FORT MYERS, Fla., Nov. 5 (UPI) -- John R. Opel, the head of IBM when it introduced personal computers in the 1980s, has died in Fort Myers, Fla., a family member said. He was 86.
Jeff Wickham, a son-in-law, confirmed Opel's death but declined to give a cause, The New York Times reported.
Opel, who joined International Business Machines Corp. as a salesman in 1949, was its chief executive from January 1981 to January 1985.
During his tenure leading IBM, the U.S. Justice Department dropped a 13-year antitrust lawsuit against the company, enabling it to compete more aggressively.
The company's revenue nearly doubled under his leadership, and competitors complained the company had become too powerful.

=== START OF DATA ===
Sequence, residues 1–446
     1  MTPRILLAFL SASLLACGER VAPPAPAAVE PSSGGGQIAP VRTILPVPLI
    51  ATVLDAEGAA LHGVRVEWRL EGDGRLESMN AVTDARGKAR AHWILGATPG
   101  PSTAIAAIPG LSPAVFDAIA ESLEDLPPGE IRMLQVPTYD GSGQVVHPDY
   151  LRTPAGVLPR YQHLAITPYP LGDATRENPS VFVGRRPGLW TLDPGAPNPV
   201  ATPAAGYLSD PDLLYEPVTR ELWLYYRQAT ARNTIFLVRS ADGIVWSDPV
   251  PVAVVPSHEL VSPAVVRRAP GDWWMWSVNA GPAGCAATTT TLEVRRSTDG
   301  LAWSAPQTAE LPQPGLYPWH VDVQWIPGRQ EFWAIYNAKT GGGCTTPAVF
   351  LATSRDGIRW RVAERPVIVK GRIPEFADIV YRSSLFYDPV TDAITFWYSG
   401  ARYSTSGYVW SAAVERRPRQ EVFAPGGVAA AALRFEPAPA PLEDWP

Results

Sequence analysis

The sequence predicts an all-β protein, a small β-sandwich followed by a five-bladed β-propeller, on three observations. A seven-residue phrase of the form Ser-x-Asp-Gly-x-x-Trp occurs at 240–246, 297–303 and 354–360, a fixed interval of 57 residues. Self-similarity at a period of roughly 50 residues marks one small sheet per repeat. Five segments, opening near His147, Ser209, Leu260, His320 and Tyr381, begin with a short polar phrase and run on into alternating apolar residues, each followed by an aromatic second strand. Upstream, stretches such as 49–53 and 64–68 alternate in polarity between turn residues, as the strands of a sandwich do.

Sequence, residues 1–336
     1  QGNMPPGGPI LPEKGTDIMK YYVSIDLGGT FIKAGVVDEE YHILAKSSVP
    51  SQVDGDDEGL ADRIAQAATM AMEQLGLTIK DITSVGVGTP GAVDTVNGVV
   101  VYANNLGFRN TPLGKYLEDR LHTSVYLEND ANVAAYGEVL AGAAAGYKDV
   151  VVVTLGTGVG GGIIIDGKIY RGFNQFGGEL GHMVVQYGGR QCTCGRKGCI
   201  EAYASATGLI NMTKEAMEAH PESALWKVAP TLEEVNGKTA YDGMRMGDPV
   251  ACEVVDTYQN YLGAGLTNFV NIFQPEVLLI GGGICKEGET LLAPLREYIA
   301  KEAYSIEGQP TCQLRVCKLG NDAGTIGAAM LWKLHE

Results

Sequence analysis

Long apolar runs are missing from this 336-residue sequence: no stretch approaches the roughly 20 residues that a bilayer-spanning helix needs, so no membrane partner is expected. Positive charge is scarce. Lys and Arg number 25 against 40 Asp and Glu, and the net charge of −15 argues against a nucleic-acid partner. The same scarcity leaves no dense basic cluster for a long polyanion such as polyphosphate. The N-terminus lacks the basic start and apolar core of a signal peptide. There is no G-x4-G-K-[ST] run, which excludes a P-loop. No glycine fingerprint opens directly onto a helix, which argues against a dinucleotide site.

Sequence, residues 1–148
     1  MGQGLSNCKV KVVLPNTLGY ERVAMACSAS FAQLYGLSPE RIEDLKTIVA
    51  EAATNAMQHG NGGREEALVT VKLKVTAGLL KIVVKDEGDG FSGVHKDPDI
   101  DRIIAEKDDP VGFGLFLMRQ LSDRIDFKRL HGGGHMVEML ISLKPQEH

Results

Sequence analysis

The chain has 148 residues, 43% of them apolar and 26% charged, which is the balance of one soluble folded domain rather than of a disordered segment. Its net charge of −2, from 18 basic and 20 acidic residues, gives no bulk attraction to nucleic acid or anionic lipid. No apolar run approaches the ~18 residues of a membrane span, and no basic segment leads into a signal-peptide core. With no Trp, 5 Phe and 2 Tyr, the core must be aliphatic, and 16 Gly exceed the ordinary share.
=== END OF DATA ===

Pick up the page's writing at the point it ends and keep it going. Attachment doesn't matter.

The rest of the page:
In 1983, Opel appeared on the cover of Time magazine with the headline "The Colossus That Works."
IBM, seeking to make an inexpensive PC that could get to market quickly, used an Intel microprocessor and a Microsoft operating system, and the PC quickly gained in popularity.
After Opel left IBM, small computers relying on microprocessors and standardized software became increasingly predominant, and prices of hardware fell.
IBM ultimately sold its PC business and some other hardware operations and now focuses on software and services.